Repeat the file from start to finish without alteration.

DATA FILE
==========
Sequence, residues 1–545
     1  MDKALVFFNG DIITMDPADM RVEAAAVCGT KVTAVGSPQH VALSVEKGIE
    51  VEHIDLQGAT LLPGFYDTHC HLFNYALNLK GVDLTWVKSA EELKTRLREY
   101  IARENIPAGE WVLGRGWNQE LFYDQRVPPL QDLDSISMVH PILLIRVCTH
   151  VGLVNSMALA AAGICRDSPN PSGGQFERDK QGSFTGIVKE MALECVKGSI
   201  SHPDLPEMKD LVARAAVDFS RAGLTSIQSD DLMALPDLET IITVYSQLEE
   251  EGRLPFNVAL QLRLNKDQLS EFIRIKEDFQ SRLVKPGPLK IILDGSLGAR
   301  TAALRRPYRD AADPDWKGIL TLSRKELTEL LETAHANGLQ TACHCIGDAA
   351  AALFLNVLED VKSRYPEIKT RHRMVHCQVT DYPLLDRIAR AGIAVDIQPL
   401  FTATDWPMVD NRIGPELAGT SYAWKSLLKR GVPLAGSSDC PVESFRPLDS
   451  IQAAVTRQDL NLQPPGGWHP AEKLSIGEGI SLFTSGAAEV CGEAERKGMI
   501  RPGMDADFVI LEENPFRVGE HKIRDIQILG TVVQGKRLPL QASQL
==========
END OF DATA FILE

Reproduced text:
Sequence, residues 1–545
     1  MDKALVFFNG DIITMDPADM RVEAAAVCGT KVTAVGSPQH VALSVEKGIE
    51  VEHIDLQGAT LLPGFYDTHC HLFNYALNLK GVDLTWVKSA EELKTRLREY
   101  IARENIPAGE WVLGRGWNQE LFYDQRVPPL QDLDSISMVH PILLIRVCTH
   151  VGLVNSMALA AAGICRDSPN PSGGQFERDK QGSFTGIVKE MALECVKGSI
   201  SHPDLPEMKD LVARAAVDFS RAGLTSIQSD DLMALPDLET IITVYSQLEE
   251  EGRLPFNVAL QLRLNKDQLS EFIRIKEDFQ SRLVKPGPLK IILDGSLGAR
   301  TAALRRPYRD AADPDWKGIL TLSRKELTEL LETAHANGLQ TACHCIGDAA
   351  AALFLNVLED VKSRYPEIKT RHRMVHCQVT DYPLLDRIAR AGIAVDIQPL
   401  FTATDWPMVD NRIGPELAGT SYAWKSLLKR GVPLAGSSDC PVESFRPLDS
   451  IQAAVTRQDL NLQPPGGWHP AEKLSIGEGI SLFTSGAAEV CGEAERKGMI
   501  RPGMDADFVI LEENPFRVGE HKIRDIQILG TVVQGKRLPL QASQL